I can see why they put it like this. As we saw in Unsee The Future‘s first episode on Education, girls can be married off when young in many parts of the world, and miss out on vitally empowering formal learning. But the UN puts this forced practice together with the huge symbolic physical disfigurement of FGM – female genital mutilation – as a girls-degrading culture of coersion it wants to eliminate. It’s chief target is broader still – as broad as this: “End all forms of discrimination against all women and girls everywhere.” An almost unassailably worthy sounding headline aim for this whole Goal. And… almost upsettingly vague. Just how overwhelming is the problem for women around the world?
There are the co-aims of ending violence against and exploitation of women – almost industrialised trafficking right alongside domestic daily indifference to women’s humanity. And then there are the more benign oppressions of lacking economic valuation for the traditionally female roles of care and nurture that essentially make any society possible – how is it our economic system has had so casually missing a currency for such life affirming work? And why has such life affirming work been so culturally dominated by humans born with a uteris? A question that seems to have answered itself for millions of men for generations, unprompted culturally to ask more questions.
The disempowerment of women crosses political, technological, corporate, legal… SO many boundaries and fields of work, study, living and administering society it is almost dizzying. To such engrained global degree today that the UN’s entire goal for gender equality doesn’t once mention men. Never mind those transitioning between tidy binary ends of the human gender spectrum.
But in such times of unrest – a good word, because I think everyone is feeling kind of restless, uncomfortable, sensing change – could we see some actual social shifts?
If there’s one thing that seems sure about now, it is that we’re in a time of many concurrent opposites, socially. I think for those of us who’ve muddled along with the status quo okay, the last two years have felt like a barrage of reactionary, well, horriblness often. Message boards the world over have become unspeakable places all too easily. But in many ways it is simply a time of people saying what they have really wanted to say but felt they couldn’t. And that’s not just bear-bating male brains, it’s the true female experience too.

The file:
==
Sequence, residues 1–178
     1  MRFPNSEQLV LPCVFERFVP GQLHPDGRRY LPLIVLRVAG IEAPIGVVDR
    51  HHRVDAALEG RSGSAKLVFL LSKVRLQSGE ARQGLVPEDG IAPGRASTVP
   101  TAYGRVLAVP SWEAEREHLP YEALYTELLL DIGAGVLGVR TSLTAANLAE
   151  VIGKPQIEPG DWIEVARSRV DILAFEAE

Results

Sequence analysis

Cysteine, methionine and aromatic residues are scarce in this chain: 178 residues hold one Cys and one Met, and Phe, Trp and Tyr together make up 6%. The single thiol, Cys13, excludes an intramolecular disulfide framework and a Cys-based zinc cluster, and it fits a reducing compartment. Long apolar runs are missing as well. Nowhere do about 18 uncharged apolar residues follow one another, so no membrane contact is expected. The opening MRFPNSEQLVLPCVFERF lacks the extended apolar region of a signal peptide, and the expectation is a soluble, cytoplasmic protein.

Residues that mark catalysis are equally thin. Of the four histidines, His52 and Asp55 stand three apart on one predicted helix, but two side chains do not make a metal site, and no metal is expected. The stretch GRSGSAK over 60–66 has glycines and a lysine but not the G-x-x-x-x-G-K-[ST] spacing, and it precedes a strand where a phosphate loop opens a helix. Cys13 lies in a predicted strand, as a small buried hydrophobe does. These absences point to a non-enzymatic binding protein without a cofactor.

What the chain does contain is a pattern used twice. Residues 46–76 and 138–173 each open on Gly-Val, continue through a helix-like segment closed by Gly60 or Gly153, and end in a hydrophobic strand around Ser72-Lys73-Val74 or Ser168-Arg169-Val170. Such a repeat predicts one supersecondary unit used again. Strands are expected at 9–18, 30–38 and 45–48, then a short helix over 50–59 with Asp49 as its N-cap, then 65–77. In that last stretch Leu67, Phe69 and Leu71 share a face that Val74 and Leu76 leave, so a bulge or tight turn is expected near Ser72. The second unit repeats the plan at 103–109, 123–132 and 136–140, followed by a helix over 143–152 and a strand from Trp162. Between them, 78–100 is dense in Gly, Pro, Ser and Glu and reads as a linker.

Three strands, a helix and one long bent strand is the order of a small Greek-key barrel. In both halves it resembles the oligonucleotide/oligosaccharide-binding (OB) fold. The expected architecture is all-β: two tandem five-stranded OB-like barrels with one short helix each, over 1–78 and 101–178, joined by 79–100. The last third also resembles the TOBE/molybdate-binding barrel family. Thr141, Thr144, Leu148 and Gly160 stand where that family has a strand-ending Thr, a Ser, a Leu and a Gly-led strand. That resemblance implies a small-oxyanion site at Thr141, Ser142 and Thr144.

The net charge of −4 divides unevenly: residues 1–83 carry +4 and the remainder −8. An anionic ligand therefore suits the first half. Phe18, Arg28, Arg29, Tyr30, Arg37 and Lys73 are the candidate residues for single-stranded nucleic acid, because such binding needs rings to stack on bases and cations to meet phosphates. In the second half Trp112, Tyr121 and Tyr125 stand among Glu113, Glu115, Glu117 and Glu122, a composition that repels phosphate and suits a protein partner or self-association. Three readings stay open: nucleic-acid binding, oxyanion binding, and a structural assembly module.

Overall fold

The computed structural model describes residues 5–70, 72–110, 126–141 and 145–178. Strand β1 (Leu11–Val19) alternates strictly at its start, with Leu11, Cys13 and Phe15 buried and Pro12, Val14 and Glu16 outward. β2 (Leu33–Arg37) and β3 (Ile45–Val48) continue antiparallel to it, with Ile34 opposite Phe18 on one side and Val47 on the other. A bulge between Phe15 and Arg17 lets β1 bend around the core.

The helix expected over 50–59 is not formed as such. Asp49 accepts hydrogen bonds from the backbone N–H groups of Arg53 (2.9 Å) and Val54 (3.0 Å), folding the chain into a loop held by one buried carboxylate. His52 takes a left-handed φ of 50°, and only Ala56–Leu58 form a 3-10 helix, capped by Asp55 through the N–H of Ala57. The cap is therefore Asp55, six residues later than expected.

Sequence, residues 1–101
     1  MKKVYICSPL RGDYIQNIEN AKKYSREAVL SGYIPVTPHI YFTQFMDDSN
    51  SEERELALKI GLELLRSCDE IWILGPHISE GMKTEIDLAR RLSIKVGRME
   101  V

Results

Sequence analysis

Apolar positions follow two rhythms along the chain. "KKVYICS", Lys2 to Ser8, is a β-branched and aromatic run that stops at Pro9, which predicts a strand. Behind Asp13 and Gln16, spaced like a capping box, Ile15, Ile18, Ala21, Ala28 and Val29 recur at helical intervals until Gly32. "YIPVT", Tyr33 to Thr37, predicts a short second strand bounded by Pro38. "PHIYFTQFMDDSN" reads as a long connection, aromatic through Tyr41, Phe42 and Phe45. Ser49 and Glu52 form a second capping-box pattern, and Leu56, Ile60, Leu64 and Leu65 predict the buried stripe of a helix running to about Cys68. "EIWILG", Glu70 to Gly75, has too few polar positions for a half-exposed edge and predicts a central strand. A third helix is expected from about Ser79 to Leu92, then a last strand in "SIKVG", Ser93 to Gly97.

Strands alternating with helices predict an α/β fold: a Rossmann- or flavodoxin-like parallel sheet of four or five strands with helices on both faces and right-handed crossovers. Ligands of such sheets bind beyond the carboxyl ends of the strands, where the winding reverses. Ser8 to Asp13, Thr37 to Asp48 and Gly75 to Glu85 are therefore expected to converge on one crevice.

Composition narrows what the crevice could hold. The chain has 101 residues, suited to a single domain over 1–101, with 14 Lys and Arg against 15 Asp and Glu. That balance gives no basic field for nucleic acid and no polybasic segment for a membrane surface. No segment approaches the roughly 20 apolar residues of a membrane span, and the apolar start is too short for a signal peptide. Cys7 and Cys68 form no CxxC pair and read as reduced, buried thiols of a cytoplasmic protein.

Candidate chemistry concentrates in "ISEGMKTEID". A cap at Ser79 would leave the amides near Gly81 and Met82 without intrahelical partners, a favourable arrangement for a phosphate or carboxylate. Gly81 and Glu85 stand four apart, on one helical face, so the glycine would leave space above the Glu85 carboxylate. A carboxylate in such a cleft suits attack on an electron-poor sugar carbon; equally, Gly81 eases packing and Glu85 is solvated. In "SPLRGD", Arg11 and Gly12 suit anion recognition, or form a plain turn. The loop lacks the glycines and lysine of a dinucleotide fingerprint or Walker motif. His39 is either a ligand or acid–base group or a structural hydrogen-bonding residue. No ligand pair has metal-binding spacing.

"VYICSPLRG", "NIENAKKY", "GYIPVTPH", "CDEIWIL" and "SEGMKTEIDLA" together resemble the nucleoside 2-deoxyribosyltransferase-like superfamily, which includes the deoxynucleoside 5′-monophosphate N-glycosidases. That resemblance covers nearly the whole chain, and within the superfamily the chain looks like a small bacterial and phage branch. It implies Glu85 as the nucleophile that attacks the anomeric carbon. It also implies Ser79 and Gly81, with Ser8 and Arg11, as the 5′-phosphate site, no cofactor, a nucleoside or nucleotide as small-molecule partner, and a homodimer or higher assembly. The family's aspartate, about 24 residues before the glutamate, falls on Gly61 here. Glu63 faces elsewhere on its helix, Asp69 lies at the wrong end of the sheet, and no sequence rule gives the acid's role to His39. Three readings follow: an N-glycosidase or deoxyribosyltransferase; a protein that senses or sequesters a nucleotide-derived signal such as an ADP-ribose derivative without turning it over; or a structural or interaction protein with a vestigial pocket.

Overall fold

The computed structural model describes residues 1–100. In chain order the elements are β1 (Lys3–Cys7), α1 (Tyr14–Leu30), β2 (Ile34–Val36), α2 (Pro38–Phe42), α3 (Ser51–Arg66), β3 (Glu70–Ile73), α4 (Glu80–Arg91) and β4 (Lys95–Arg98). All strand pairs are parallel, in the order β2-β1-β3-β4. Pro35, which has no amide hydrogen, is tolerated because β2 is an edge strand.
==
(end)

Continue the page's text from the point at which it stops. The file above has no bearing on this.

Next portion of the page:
Me Too. While it seems to me you have to have cast iron pants to be a woman in public at the moment, with the inexplicable blizzard of violent hate directed at any female human daring to share a public opinion on social media, female voices are not growing quieter. Many women are finally finding their voices about what’s really been going on for them in the same room as many men. Completely different experiences of the same thing, is what.
When actor Alyssa Milano tweeted the hashtag #MeToo in the wake of a string of alegations emerging about the film producer Harvey Weintein, she ignited a flood of responses from other women. And more alegations and fearful stories of abusive conduct by men in all manner of professional settings towards the women alongside them. One actor whose face became one of the defining faces of the 80s was Molly Ringwald, and she recently wrote for the New Yorker, sharing for the first time some incidents that happened to her when in her early teens in the movie business. She said simply: “I never talked about these things publically because, as a woman, it always felt like I may as well have been talking about the weather.”
‘No one’ would listen. The men all running the movie studios and big businesses wouldn’t listen, in other words. The sea of experiences shared with this and other hashtags is just overwhelming. It’s like a lid has come off a sesspit everyone ignored the stench of.
Tarana Burke coined the phrase originally Me Too years before, but as it broke across the Weinstein story, it unlocked: “an extraordinary outpouring of pain,” as Emma Brockes puts it in an article for the Guardian. But as a grassroots worker for female justice, Burke is a pragmatist about the sheer scale of the cultural problem coming to light. “Sexual violence happens on a spectrum so accountability has to happen on a spectrum,” she says. “I don’t think that every single case of sexual harassment has to result in someone being fired; the consequences should vary. But we need a shift in culture so that every single instance of sexual harassment is investigated and dealt with. That’s just basic common sense.”
The point, it is dawning on me about many things, is that the men feeling so ‘attacked’ and who are, let’s say, reacting assertively to women speaking up for their bullied experiences, simply don’t sound like they know what it’s like to be in the same room as such women and have such different experiences of it.
Broadcaster and creative Laura Whitmore is just one typical story of this movement. She could be anyone as she shares her own testimony, opening with the words: “I’ve wanted to write this for a while but I’ve been scared. I feel ashamed to say I was scared but I was. I still am. Scared of what people might say, drawing attention to things that upset me.”